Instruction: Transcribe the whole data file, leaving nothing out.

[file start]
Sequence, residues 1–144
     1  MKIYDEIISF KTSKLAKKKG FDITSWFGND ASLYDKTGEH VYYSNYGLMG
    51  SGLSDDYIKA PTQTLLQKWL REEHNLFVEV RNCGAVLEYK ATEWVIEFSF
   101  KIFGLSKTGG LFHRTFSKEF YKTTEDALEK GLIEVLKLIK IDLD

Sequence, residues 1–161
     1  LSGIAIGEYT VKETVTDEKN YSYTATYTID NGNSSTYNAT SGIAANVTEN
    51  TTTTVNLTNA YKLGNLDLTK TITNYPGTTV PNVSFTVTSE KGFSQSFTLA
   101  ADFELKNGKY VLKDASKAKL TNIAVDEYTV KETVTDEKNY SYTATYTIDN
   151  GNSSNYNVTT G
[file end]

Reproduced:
Sequence, residues 1–144
     1  MKIYDEIISF KTSKLAKKKG FDITSWFGND ASLYDKTGEH VYYSNYGLMG
    51  SGLSDDYIKA PTQTLLQKWL REEHNLFVEV RNCGAVLEYK ATEWVIEFSF
   101  KIFGLSKTGG LFHRTFSKEF YKTTEDALEK GLIEVLKLIK IDLD

Sequence, residues 1–161
     1  LSGIAIGEYT VKETVTDEKN YSYTATYTID NGNSSTYNAT SGIAANVTEN
    51  TTTTVNLTNA YKLGNLDLTK TITNYPGTTV PNVSFTVTSE KGFSQSFTLA
   101  ADFELKNGKY VLKDASKAKL TNIAVDEYTV KETVTDEKNY SYTATYTIDN
   151  GNSSNYNVTT G